Discover the flavors of Mexican street food in your own kitchen Americans are having a love affair with the taco. What began as affection for the fast-food version—that hard yellow shell filled with ground beef and mysterious yellow cheese—has blossomed into an all-out obsession for the real thing, with upscale renditions and taco trucks popping up from coast to coast. Now, with Tacos, Tortas, and Tamales, chef Roberto Santibañez shows you how to recreate the thrilling, authentic flavors of the taquerias of Mexico in your own home. In addition to tacos, the book also explores the equally exciting Mexican sandwiches called tortas and hearty tamales, as well as salsas, condiments, fresh juices, and even desserts and refreshing margaritas. Author Roberto Santibañez is also the author of Rosa's New Mexican Table and Truly Mexican, as well as the chef and owner of Fonda restaurants in Brooklyn and Manhattan Santibañez's Truly Mexican was chosen as a New York Times Notable Cookbook of 2011 Using easy-to-find ingredients and simple techniques, this is the perfect introduction to real Mexican cooking for enthusiastic beginners and experienced cooks alike While the flavors you'll find here are exciting and complex, the cooking itself is anything but complicated. With Tacos, Tortas, and Tamales on your kitchen shelf, dinner will never be dull again.
|Author||: Hilah Johnson|
|Editor||: The Countryman Press|
30 classic Texas recipes to treasure The Little Local Texas Cookbook brings the essential flavors of Texas to your table. From traditional BBQ to celebratory party treats, you’ll find recipes for slow-roasted beef ribs, chicken-fried steak, chili cheese enchilada breakfast tacos, Texas sheet cake, and other classic dishes. Written by a regional food expert and beautifully illustrated, this little cookbook is the perfect gift for Texans and tourists alike.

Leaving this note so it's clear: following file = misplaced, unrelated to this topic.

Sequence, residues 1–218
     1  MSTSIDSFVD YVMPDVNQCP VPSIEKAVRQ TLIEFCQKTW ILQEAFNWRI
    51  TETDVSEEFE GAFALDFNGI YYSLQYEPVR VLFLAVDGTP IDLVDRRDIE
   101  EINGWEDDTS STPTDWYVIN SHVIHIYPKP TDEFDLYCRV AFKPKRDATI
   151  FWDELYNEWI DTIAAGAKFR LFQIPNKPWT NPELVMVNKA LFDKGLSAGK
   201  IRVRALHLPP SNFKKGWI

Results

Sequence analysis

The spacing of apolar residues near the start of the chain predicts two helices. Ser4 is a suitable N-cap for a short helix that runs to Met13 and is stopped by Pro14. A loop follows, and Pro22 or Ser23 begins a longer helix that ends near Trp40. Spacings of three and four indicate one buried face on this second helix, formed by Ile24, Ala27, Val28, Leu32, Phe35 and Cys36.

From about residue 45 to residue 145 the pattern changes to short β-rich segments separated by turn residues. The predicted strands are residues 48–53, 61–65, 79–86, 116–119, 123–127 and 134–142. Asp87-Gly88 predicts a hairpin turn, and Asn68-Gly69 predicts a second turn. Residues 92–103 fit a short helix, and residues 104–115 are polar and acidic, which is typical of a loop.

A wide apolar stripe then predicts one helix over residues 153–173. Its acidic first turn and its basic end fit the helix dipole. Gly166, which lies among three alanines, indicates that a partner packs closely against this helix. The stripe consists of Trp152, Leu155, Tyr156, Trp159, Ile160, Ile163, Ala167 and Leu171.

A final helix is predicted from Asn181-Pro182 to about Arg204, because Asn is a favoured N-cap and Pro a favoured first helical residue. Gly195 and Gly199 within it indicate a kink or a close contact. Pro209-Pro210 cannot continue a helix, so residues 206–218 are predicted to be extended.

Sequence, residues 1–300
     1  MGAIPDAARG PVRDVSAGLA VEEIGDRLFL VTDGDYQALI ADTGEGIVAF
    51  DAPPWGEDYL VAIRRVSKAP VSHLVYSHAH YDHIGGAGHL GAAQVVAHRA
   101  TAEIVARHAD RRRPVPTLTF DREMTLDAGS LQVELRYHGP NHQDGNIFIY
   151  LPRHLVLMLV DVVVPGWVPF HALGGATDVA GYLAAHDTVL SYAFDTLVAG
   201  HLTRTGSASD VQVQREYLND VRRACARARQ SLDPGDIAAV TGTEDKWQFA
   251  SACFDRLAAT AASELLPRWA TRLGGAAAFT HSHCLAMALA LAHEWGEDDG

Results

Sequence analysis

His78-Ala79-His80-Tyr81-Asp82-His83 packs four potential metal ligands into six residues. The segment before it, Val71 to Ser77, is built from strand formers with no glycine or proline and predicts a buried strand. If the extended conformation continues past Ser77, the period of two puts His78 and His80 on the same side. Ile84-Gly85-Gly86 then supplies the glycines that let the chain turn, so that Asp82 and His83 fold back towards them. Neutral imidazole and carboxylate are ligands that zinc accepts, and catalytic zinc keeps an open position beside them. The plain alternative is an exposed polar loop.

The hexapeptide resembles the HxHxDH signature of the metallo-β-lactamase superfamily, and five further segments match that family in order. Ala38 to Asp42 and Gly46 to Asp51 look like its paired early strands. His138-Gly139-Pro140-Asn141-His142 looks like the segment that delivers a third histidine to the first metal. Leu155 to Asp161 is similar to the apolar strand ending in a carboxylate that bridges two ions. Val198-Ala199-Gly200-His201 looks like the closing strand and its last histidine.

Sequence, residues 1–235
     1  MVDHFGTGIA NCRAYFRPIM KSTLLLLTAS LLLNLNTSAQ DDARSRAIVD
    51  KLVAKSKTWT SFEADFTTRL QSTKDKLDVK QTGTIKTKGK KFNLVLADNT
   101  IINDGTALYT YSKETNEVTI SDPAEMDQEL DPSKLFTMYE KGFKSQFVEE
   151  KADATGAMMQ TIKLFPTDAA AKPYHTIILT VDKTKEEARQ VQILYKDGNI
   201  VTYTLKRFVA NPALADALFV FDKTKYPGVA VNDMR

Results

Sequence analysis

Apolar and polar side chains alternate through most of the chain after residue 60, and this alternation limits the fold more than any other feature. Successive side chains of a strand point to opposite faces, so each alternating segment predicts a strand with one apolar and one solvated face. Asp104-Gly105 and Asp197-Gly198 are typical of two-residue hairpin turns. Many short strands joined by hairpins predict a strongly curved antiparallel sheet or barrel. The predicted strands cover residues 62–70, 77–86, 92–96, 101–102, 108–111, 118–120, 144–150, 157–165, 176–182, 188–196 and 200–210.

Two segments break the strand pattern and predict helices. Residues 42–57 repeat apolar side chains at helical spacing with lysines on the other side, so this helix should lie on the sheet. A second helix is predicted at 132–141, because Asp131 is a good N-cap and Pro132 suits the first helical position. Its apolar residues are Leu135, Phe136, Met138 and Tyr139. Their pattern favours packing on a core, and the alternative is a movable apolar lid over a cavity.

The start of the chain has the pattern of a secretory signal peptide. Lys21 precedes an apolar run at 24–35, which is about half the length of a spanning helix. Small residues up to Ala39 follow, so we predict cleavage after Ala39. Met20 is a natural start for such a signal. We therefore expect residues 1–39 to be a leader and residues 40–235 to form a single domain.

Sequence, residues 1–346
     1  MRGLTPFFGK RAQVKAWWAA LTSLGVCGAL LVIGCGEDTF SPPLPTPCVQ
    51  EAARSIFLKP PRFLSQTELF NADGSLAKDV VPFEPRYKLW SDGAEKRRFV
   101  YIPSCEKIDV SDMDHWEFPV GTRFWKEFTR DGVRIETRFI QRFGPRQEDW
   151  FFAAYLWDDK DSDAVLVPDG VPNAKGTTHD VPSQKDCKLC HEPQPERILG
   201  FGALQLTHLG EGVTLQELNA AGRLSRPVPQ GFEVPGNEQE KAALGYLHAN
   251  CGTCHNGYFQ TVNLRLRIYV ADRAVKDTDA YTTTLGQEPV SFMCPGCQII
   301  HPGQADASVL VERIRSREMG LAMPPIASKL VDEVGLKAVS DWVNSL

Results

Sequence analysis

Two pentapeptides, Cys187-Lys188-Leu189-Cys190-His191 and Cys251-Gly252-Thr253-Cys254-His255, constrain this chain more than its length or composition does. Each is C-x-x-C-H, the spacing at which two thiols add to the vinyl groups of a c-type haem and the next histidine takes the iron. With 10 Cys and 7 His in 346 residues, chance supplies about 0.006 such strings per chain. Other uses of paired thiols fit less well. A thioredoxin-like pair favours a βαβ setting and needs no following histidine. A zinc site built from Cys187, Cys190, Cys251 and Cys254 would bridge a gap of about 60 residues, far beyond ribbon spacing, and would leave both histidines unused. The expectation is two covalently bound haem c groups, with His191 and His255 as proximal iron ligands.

|Author||: Lisa Fain|
|Editor||: Clarkson Potter|
A fun, full-color look at everyone's favorite cheese dip, with history, tips, facts, and 50 recipes from beloved food blogger Lisa Fain, the Homesick Texan. Queso (aka chile con queso) is a spicy, cheesy, comforting cult favorite that has long been a delicious addition to any party, barbecue, or family gathering. This appealing and accessible book features a mix of down-home standards and contemporary updates, from historical, regional, and Mexican quesos to vegan and dessert quesos, including Chile Verde Con Queso, Squash Blossom Queso Fundido, Fajita Queso, Cactus and Corn Queso Poblano, Frito Salad with Queso Dressing, Pulled Pork Queso Blanco, and Sausage Queso Biscuits. Whether you're relaxing with friends, having a few people over to watch the football game, or entertaining a hungry crowd, queso is the perfect party food for good times.
|Author||: Beth Moncel|
The debut cookbook from the Saveur blog award-winning Internet expert on making eating cheap dependably delicious As a college grad during the recent great recession, Beth Moncel found herself, like so many others, broke. Unwilling to sacrifice eating healthy and well—and armed with a degree in nutritional science—Beth began tracking her costs with obsessive precision, and soon cut her grocery bill in half. Eager to share her tips and recipes, she launched her blog, Budget Bytes. Soon the blog received millions of readers clamoring for more. Beth's eagerly awaited cookbook proves cutting back on cost does not mean cutting back on taste. Budget Bytes has more than 100 simple, healthy, and delicious recipes, including Greek Steak Tacos, Coconut Chicken Curry, Chorizo Sweet Potato Enchilada, and Teriyaki Salmon with Sriracha Mayonnaise, to name a few. It also contains expert principles for saving in the kitchen—including how to combine inexpensive ingredients with expensive to ensure that you can still have that steak you’re craving, and information to help anyone get acquainted with his or her kitchen and get maximum use out of the freezer. Whether you’re urban or rural, vegan or paleo, Budget Bytes is guaranteed to delight both the palate and the pocketbook.